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‘Godzilla x Kong: The New Empire’ review: Running out of steam

But with that zenith in the rearview mirror, “Godzilla x Kong: The New Empire” has very little ground to cover, and it shows. The best stretches involve Kong moving across the landscape, Godzilla stomping on crushing things, and, of course, the inevitable final confrontation, which has a few surprises up its proverbial sleeves. Kong in particular seems to have no problem communicating without human language, and these long scenes are so fun to watch that it’s disappointing to return to humans.

Certainly, humans can play a fruitful role in these monster movies. The recent Japanese film “Godzilla Minus One,” produced for a fraction of the budget of “Godzilla x Kong” and winner of this year’s Academy Award for Best Visual Effects, manages to combine the creature with genuine pathos and focus on the human cost of war, guilt and trauma. This also fits more with Godzilla’s origin, as a metaphor for Japanese generational trauma related to the atomic bomb. In 2004, in the New York Times, Terrence Rafferty succinctly described the monster as embodying “a society’s desire to appropriate its deepest tragedies, to assimilate them as elements of its historical identity.”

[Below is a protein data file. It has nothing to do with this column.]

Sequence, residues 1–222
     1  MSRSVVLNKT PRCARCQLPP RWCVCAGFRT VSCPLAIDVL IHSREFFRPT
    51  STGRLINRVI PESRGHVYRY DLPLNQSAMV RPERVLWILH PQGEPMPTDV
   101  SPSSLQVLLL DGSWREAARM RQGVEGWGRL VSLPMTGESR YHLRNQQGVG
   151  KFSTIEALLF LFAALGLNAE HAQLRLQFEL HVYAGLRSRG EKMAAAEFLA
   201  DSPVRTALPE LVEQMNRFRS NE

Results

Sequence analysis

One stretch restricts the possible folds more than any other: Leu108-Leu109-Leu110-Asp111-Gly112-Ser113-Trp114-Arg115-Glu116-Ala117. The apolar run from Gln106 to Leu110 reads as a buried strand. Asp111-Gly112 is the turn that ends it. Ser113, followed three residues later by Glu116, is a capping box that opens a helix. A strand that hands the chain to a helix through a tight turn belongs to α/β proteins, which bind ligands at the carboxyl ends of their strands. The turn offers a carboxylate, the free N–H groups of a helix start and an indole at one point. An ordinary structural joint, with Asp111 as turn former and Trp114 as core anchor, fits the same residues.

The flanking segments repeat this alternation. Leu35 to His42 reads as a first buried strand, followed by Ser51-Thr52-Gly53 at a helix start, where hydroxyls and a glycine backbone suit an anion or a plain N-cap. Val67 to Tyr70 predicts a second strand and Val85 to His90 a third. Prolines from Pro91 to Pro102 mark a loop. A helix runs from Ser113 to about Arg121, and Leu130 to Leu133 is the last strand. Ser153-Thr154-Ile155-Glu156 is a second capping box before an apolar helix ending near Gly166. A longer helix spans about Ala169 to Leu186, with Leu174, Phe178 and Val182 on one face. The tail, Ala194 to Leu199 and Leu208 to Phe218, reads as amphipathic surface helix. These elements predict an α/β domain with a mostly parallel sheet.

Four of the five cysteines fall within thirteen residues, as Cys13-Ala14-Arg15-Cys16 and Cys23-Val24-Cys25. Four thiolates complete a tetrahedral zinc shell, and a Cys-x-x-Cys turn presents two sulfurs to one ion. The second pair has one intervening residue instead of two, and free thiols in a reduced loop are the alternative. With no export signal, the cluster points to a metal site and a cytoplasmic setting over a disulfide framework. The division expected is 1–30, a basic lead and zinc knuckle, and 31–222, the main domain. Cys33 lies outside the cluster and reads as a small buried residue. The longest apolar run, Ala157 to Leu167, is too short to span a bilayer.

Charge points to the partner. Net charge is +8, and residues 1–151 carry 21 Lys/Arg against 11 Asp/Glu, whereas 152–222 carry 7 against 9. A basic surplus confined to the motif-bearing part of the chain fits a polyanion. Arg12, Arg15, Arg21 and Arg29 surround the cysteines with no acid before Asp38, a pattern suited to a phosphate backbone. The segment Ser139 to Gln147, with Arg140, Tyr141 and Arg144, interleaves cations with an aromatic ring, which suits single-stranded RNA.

None of that is here. In fact, “Godzilla x Kong” is proof that the original plot has been lost entirely – a shame, in an age haunted by monsters that films can only hint at, climate catastrophe, destructive weapons and conflict geopolitics to a brutal and power-hungry authoritarianism. . There is no reflection here, not even space to contemplate what might lie beyond the literal. Beyond the main cast, the humans in this film exist only to be crushed like ants by falling debris and mangled buildings. They are consumable, but that doesn’t matter. The meaning of these films is not at all metaphorical. It’s a punch.

Warning: there’s a lot of guts in “Godzilla x Kong”, guts of mammals and reptiles torn in half, guts of sea monsters, guts in Technicolor, much more than I expected. They seem appropriate for a monster movie and aren’t disgusting enough to merit an R rating. But as I thought about my courage, I wondered one thing: When will anyone have the courage – the courage , one might say – to make a movie with Kong, Godzilla, and various other titans and monsters, and no humans at all? ?

Or maybe there’s a bigger question at stake: When will Hollywood have the courage to make a fun blockbuster like this that dares to acknowledge the real menacing monsters?

Godzilla x Kong: The New Kingdom
Rated PG-13 for destruction, some mild profanity and so, so much courage. Duration: 1h55. In theaters.

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